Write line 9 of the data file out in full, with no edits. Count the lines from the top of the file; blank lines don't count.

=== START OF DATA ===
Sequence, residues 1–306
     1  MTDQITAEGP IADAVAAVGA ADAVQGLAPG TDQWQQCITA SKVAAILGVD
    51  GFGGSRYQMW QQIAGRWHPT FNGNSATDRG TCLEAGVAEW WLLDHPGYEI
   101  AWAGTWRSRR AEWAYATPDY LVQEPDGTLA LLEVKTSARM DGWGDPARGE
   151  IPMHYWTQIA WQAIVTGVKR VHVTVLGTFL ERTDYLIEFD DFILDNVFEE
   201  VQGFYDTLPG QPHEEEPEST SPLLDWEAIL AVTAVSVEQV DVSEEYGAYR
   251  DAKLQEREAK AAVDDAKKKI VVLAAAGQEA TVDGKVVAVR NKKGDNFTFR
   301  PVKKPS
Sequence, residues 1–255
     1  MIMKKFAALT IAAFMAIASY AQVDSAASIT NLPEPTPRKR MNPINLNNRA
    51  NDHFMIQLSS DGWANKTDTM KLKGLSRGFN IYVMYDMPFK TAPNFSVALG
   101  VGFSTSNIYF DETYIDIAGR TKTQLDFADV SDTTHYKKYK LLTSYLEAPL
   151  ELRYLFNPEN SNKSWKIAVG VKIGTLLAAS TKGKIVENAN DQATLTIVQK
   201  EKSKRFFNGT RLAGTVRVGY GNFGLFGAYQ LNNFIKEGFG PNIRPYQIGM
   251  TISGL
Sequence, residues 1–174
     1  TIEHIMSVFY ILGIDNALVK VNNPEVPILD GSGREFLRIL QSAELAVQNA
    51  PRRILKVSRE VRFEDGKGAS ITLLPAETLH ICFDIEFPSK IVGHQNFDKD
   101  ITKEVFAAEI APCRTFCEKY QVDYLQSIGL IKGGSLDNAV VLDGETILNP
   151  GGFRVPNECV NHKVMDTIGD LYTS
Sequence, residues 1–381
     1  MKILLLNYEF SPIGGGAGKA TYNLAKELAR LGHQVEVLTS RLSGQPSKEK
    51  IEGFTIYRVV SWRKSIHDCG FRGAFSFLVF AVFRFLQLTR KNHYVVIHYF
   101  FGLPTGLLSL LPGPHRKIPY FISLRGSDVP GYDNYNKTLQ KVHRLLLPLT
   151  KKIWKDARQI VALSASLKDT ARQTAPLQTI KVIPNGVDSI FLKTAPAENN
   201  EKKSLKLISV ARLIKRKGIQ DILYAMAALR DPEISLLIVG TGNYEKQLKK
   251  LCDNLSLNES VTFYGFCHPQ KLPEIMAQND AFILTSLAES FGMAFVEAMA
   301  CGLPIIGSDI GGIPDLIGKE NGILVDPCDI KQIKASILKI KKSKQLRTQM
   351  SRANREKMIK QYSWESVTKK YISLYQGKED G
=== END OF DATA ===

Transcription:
Sequence, residues 1–255